• Much of what we focus on is how to make the healthier choice the easier choice.
  • There is evidence for a “Nature Pyramid” much like the Food Pyramid.
  • Some cities and other placed-based entities are creating Trails Health Calculator Tools to measure the impact of trails on population health.
  • The movement of utilizing the outdoors as a conduit to health is turning into a groundswell and is spreading like wildfire across the country and globe!

You have probably read the recent news that, as of July 1, HPHP has transitioned outside of Tennessee State Parks and is now a 501c3 non-profit!  This is exciting and a little bit scary too.  It is exciting because it means the program is working and needs more freedom to continue to grow and serve our state!  It is a little bit scary as we leave the comfortable nest of support that Tennessee State Parks and the Tennessee Department of Environment and Conservation provided us.  As I look back, I am ever so grateful that Ryan and Tennessee State Parks took a chance on this program, and on me.  Looking forward, I know big things are coming and I am so grateful to have you all on the ride with me!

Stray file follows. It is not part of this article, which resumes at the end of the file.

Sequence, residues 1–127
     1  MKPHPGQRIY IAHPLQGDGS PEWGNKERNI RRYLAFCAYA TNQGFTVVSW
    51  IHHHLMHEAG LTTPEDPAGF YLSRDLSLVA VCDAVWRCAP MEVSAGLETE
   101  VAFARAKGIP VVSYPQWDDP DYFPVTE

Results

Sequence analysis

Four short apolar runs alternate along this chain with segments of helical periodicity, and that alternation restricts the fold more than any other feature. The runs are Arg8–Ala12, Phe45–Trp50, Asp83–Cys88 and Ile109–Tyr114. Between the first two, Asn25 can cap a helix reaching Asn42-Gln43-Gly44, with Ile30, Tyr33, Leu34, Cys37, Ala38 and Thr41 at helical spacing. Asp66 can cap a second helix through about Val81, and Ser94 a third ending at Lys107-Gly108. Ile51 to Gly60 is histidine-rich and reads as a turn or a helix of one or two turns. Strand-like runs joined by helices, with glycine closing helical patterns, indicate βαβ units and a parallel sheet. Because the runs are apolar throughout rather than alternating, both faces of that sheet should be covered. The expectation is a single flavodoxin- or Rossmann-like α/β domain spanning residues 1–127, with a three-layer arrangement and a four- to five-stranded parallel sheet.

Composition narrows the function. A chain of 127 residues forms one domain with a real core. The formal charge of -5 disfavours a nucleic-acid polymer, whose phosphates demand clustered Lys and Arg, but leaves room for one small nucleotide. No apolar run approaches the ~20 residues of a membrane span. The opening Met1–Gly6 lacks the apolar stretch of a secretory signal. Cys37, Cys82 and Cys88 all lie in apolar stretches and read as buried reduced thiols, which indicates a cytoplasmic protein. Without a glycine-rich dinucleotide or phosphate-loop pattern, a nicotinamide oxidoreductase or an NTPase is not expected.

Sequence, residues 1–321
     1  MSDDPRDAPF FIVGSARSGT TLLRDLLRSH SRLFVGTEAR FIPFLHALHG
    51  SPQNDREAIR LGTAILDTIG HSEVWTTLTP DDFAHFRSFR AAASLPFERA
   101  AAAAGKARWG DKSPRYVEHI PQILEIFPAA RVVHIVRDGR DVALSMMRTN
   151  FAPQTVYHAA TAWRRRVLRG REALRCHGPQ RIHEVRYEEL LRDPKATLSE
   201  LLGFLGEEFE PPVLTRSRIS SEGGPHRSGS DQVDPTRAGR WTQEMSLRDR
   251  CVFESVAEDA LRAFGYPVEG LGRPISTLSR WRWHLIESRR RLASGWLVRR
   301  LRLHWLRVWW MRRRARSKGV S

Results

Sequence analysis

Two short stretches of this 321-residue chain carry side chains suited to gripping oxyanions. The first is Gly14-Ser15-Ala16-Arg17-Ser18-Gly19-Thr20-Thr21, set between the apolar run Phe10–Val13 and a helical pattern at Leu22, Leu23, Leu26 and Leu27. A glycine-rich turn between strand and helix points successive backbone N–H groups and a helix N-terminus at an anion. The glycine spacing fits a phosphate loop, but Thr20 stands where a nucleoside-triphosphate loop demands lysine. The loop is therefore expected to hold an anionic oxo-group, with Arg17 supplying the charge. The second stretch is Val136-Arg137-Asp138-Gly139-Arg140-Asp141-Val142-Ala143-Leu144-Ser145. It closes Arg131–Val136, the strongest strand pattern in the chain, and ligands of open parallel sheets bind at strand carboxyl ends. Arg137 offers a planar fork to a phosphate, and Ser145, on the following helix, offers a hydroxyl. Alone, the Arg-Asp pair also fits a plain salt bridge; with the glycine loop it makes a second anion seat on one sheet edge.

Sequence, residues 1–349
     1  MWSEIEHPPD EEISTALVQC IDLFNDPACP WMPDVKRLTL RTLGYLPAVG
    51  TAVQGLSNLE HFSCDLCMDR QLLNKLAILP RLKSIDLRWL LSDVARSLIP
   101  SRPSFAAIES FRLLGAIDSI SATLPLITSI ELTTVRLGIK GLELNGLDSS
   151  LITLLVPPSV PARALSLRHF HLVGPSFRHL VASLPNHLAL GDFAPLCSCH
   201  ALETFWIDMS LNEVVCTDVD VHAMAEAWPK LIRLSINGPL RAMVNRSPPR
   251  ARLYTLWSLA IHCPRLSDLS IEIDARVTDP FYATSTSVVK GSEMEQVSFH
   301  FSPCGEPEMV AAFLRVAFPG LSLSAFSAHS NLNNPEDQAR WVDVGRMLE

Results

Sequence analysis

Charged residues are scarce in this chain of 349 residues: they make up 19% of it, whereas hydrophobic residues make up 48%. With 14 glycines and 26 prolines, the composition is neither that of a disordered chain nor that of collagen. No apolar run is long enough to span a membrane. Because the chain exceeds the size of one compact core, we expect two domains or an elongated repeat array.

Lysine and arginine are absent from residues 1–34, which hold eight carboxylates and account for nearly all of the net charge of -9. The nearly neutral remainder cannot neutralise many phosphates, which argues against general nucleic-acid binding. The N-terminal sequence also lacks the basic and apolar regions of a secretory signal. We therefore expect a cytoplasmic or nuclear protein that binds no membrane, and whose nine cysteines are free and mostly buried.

Happy Holidays, and we will see you in 2023!

Much love,

How Nature Helped This Postpartum Mama (and baby) Stay Sane

Being pregnant and having a child is such a blessing. I am very thankful for the amount of help and support I had during and after my pregnancy. But I will say one thing…… the 4th trimester is very hard. I was still recovering, having hardly any sleep, having a newborn and toddler to take care of. It can take a toll on anyone, just like it did on me.